Written by Simple Homeschool contributor Stefani Austin of Blue Yonder Ranch
It was a good plan. It was a simple, doable, good plan.
Step 1: Clean, organize and paint the boys’ bedrooms while they were away at camp.
Step 2: Finish outlining our homeschooling plans for the year.
Step 3: On July 5th, walk together, hand in hand, into a new year of learning.
“Everyone has plans… until they get hit.”
Around the time the ink was drying on my freshly made plans, my husband, dear man, picked up a hammer and smashed them to pieces.
See, he grew up in our house. He loves it deeply. So when I brought out the paint samples something inside him cracked. He began festering over all that our home could be and promptly lost his mind.
Painting became moving everything out of the boys’ rooms and ripping up the carpet. That led to taking out the carpet in the hallway, which led to pulling it out of our bedroom, which, in the end, led to moving everything we own into the garage and removing every square inch of flooring in our home.
And that was only the beginning.
All the pent up frustration with an older home long in need of repairs came flooding out. Appliances came out, doors came down, bathrooms were demolished, and cabinetry was removed.
Nothing was safe from my husband’s hammer, most especially my plans.
So what happens when the heart of the homeschool, the home, is in turmoil?
Well, as it turns out, that’s when some really great life lessons are learned.
So now, as many families are diligently making plans for their adventures in home schooling, I’d like to share with you how we got schooled by our home.
Here’s what we learned:
Lesson #1 –Don’t let your plans get in the way of a good thing.
As trying as remodeling has been, I’m ecstatic about the transformation in our home. Watching the last of our nasty, old carpet tossed into the junk heap, I felt like singing, “Free at last! Great God Almighty, we are free at last!”
Had we stubbornly stayed the course, stuck to all our well made plans, we would have missed out on seeing our home restored. Worse, we would have missed the changes that this experience has brought out in us.
This year, make your plans, but don’t let them make you.
Lesson #2 – We need less than we think we do.
We ended up sanding, scoring and staining our concrete. This involved emptying the contents of our home into our garage, then cleaning every last bit of it when all the dust from the sanding process unexpectedly seeped into the garage. Every single thing was covered in a fine, but doggedly persistent, powder.
Then, of course, we had to move it all back in.
Needless to say, we became very closely reacquainted with all of our stuff. In doing so, we found that so much of what we’ve accumulated – so much of what we thought was important when we brought it home – is not really enhancing our lives.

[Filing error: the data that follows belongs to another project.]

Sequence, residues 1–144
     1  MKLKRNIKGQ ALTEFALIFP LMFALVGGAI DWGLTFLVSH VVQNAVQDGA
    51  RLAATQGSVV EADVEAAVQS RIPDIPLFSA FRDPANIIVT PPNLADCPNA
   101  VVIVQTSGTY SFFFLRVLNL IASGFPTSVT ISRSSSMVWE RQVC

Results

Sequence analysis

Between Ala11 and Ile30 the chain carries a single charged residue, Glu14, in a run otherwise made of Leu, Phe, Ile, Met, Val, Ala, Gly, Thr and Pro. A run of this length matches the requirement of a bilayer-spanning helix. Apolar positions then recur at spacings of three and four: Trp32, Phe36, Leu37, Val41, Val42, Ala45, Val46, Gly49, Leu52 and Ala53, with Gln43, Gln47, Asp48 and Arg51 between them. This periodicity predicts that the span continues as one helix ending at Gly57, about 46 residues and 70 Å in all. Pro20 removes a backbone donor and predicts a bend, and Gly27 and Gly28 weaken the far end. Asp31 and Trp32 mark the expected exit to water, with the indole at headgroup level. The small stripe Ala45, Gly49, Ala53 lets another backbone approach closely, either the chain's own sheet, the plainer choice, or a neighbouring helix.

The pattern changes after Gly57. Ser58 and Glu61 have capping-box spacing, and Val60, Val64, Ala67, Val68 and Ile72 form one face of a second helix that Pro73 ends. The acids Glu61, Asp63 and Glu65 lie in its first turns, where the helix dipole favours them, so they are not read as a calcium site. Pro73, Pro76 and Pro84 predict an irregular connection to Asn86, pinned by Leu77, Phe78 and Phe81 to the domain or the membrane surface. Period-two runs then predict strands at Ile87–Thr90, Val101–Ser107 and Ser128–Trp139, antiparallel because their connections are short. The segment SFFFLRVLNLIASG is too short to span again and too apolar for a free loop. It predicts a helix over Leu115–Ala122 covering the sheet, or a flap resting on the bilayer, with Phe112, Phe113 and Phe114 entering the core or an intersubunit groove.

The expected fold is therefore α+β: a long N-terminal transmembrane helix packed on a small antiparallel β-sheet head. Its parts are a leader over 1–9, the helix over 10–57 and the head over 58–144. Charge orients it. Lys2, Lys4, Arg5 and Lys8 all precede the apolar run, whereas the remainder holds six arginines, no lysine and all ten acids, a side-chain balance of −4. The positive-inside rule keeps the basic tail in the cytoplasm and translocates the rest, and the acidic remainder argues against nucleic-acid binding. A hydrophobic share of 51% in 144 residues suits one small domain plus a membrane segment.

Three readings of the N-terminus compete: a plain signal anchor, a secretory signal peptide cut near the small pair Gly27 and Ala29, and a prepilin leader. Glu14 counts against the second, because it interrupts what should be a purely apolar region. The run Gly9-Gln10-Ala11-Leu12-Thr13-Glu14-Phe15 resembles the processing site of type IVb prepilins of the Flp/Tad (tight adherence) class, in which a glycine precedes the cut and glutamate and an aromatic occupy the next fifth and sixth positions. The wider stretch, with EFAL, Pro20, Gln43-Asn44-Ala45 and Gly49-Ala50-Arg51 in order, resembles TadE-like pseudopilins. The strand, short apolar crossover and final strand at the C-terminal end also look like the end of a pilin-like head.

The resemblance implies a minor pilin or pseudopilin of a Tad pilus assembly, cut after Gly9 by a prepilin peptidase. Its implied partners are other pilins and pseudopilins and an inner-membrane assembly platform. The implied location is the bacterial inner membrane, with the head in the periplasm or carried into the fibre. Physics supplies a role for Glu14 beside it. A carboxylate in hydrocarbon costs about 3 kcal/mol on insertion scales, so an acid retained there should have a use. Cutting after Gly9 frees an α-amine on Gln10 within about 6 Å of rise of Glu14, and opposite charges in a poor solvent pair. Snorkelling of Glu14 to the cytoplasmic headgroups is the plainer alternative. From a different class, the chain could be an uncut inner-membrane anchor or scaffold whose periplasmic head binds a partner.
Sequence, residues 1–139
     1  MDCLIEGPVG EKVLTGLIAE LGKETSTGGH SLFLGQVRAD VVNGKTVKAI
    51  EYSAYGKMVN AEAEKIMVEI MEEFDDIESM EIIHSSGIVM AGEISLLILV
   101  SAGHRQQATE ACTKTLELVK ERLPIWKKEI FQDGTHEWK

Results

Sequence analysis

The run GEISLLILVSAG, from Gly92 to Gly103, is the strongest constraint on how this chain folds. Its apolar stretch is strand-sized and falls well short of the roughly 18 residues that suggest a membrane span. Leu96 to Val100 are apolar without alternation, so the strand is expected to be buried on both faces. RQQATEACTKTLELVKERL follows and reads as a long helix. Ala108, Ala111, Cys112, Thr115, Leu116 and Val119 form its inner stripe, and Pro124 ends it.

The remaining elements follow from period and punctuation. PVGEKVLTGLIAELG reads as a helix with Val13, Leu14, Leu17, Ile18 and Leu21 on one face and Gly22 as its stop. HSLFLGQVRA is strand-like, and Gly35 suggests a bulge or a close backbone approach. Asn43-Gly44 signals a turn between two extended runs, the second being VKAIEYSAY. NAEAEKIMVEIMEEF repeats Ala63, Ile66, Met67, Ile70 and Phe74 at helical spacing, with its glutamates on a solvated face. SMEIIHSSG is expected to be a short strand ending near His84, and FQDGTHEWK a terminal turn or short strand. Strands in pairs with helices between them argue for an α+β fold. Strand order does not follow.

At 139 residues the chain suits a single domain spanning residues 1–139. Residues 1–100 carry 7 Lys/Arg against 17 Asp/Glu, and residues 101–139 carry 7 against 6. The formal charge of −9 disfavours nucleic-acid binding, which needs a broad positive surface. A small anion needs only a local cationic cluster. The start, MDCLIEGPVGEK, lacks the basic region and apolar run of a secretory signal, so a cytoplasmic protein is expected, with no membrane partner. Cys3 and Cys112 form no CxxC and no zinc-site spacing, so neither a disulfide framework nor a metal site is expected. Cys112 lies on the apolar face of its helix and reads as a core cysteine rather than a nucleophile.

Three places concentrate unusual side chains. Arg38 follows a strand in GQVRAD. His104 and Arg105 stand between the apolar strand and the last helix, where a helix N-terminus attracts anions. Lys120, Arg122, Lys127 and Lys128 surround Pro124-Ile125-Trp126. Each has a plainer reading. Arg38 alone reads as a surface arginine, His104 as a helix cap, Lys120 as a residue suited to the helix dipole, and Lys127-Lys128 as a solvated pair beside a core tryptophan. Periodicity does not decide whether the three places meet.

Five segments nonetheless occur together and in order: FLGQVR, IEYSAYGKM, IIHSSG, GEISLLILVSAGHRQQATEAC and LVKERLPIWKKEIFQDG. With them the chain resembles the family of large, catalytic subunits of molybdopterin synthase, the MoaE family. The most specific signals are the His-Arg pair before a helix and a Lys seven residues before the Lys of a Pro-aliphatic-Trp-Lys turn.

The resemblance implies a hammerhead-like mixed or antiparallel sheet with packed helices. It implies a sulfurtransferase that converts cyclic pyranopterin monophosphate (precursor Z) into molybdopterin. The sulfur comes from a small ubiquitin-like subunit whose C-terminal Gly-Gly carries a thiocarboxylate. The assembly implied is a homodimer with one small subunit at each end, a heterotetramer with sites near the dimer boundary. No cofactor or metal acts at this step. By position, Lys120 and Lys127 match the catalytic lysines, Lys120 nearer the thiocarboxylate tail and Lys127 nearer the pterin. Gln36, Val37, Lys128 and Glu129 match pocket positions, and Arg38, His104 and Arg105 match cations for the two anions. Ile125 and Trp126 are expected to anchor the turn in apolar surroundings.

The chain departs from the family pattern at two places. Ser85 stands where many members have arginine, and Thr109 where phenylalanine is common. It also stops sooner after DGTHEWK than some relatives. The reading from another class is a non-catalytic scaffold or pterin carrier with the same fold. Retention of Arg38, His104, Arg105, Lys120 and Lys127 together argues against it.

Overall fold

In the same way, so often, the latest, greatest craft supply, book or curriculum seems so necessary but in the end, just isn’t.
Remember, some of history’s greatest minds have risen from meager surroundings.
Lesson #3 – Stuff goes wrong, and that’s okay.
We’ve been through a lot – bills that far exceeded estimates, unanticipated detours like the simultaneous backing up of both toilets and both showers, over-staying our welcome with relatives, having to take apart the refrigerator because it wouldn’t fit through the door. The list goes on and on.
I really believe though that the experience of being completely out of control, being dependent on others, and having one derailed plan after another, has brought me a kind of peace.
Your plans WILL get messed up, and remarkably, learning will still happen.
Lesson #4 – Things will often take longer than you thought.
When we started this little project, we naively thought that we’d be done in a week. It’s going on six now, and there’s no end in sight.
Similarly, at the start of the last year I felt so pressured to stay on track and finish our curriculum in 32 weeks because, well, that was the PLAN. It took me three weeks to realize that it was more important to actually absorb, learn and be inspired by the material than it was to stay on schedule.
Take your time!
Lesson #5 – Hard fought battles bring the sweetest victories.
I’ll be honest with you, there have been tears. There have been tense moments, bristly words and many cool-off walks around the block during the last six weeks.
But, when we stepped onto our new floor, when the boys lathered up in their new shower, when we gathered around the table after weeks of being away to eat our first meal at home… we felt like kings!
Educating young minds at home is hard too. Balancing home, social life, and the gathering of knowledge can make day-to-day existence feel like a circus act. Really though, guiding children on the path to wisdom, witnessing those light bulb moments… there is no feeling in the world to compare.
So chart a course for your new school year, but should the wind push you into unexpected waters, be open to enjoying the adventure!
How do you handle it when your homeschooling plans come undone?